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When showing that $\mathbb{N}\times\mathbb{N}$ is in bijection with $\mathbb{N}$, it seems standard to give a proof by picture that shows a way to systematically weave through all the points in $\mathbb{N}\times\mathbb{N}$ and label each one as you go.

enter image description here

I know there is a polynomial expression for this method, given by $$ J(m,n)=[1+2+\cdots+(m+n)]+m=\frac{1}{2}[(m+n)^2+3m+n] $$ where $m$ is the usual $x$-coordinate and $n$ the usual $y$-coordinate.

But how does one "see" how this formula is arrived at? I know how to manipulate the middle expression to arrive at the rightmost expression, but how does the middle expression relate to the weaving pattern through $\mathbb{N}\times\mathbb{N}$? Thank you.

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Perhaps it's worth mentioning that this function is called Cantor pairing function. – Martin Sleziak Jul 28 '11 at 10:54
up vote 3 down vote accepted

To weave all the way to $(m,n)$, you first have $m+n$ complete top-left to bottom-right passes, of which the first contains 1 point $(0,0)$, the second two points $(0,1)$ and $(1,0)$, ..., the $m+n$'th $m+n$ points $(0,m+n-1)$ to $(m+n-1,0)$, and then the $m+1$'th point on the next pass is $(m,n)$.

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Looking at the diagram, the order is lexicographic, first in $m+n$, then in $m$. The motivation is that it is easy to see you get all the points of $\mathbb{N} \times \mathbb{N}$, so now you just need to figure out what $J(m,n)$ is.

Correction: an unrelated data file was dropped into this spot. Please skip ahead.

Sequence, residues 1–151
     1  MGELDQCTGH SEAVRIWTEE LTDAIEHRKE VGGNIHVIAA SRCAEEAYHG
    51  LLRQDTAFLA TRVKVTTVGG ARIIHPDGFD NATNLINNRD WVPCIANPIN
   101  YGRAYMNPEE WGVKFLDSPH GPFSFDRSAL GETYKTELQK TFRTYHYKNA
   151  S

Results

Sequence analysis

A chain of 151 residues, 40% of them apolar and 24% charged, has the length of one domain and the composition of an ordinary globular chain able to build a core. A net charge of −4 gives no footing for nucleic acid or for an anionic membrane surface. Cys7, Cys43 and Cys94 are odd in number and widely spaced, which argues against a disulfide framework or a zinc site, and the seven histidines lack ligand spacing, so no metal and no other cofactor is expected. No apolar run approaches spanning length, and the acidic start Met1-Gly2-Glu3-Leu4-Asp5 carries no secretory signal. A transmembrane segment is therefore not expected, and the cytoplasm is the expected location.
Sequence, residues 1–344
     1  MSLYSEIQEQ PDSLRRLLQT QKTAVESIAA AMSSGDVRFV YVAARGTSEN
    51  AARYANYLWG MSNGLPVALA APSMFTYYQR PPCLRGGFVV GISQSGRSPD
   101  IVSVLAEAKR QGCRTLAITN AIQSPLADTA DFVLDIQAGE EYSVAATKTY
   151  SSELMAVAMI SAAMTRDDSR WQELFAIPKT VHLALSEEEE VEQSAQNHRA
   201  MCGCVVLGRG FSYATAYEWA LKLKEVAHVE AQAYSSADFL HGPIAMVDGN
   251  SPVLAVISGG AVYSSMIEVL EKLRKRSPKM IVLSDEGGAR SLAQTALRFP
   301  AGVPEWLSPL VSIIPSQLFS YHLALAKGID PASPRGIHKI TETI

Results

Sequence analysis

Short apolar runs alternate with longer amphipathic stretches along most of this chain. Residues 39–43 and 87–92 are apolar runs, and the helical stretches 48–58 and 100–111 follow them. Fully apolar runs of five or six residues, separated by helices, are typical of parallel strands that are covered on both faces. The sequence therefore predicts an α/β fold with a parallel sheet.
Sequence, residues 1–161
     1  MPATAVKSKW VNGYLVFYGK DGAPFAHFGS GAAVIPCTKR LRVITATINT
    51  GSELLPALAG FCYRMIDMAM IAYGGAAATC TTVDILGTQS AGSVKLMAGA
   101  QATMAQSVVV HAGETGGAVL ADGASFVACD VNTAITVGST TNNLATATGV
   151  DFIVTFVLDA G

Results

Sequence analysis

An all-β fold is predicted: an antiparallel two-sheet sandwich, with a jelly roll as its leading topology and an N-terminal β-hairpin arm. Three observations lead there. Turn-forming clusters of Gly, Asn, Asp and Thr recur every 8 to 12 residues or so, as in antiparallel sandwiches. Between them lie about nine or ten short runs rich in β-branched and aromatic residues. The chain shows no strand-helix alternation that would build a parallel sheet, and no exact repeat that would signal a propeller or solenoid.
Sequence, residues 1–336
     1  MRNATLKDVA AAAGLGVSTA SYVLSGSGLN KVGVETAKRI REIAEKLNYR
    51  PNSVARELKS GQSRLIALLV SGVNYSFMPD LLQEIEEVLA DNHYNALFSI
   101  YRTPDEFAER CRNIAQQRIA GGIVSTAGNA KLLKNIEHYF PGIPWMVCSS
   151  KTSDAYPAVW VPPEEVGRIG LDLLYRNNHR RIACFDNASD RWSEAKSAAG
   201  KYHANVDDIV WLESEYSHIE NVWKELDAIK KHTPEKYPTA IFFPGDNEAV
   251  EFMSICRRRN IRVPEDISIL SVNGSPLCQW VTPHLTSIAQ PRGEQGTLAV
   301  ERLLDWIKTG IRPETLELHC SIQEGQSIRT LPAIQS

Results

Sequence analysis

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But that's my question, I have no problem believing that the path gets all points of $\mathbb{N}\times\mathbb{N}$, but I can't figure out what $J(m,n)$ is. – Dani Hobbes Mar 28 '11 at 4:12
There is a triangle with side $(m+n)$ all filled up-that is $(m+n)(m+n+1)/2$ points before you start the down-right diagonal, which you travel $m+1$ steps on. So I would claim $J(m,n)=(m+n)(m+n+1)/2+m+1$, slightly different from yours. – Ross Millikan Mar 28 '11 at 4:27

$J(m,n)$ is just the number of points that are before $(m, n)$ in this order. These are the points $(x,y)$ with $x+y < m+n$, and the points $(x,y)$ with $x + y = m + n$ and $x < m$.

The first type of points can be broken down into those with $x+y = 0$ (of which there is $1$), those with $x+y = 1$ (of which there are $2$), and so on up to those with $x +y = m+n-1$, of which there are $m+n$. These are $(m+n-1, 0), (m+n-2, 1), \cdots, (0, m+n-1)$. So there are $1 + 2 + \cdots + (m+n)$ of these.

The second type are just the points $(0,n), (1,n-1), \cdots, (m-1, m+n-1)$. There are $m$ of these.

So the total number of points preceding $(m,n)$ in this order is $$ [1 + 2 + \cdots + (m+n)] + m $$ which is what you wanted.

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Say $m$ is the column, $n$ is the row. You want to know how many points you have already counted by the time you get to $(m,n)$, using the picture.

If you go up $n$ rows, you will have counted the first $n$ diagonals in full (since the count starts with $0$). These give you $1+2+3+\cdots+n$ points, since the $n$th downward diagonal has $n$ points in it.

Now, each step you move to the right to get to $(m,n)$ will add another full diagonal that you must have already "added up". This will give you the diagonals with $n+1$, $n+2,\ldots,n+m$ points. This means that, counting only downward diagonals that you have completely counted, you have $$1 + 2 + 3 + \cdots + n + (n+1) + \cdots + (m+n) = \frac{(m+n)(m+n+1)}{2}$$ points.

In addition, you have some points in the diagonal you are on that have been counted. How many? One for each column you moved to the right; there are $m$ of those. So in addition to the points you already added, there are the first $m$ points on the diagonal you are on. So once you get to that point, you have counted $$(1+2+3+\cdots+(n+m) + m = \frac{(m+n)(m+n+1)}{2}+m = \frac{1}{2}\left((m+n)^2+(m+n) + 2m\right)$$ points, which gives the formula.

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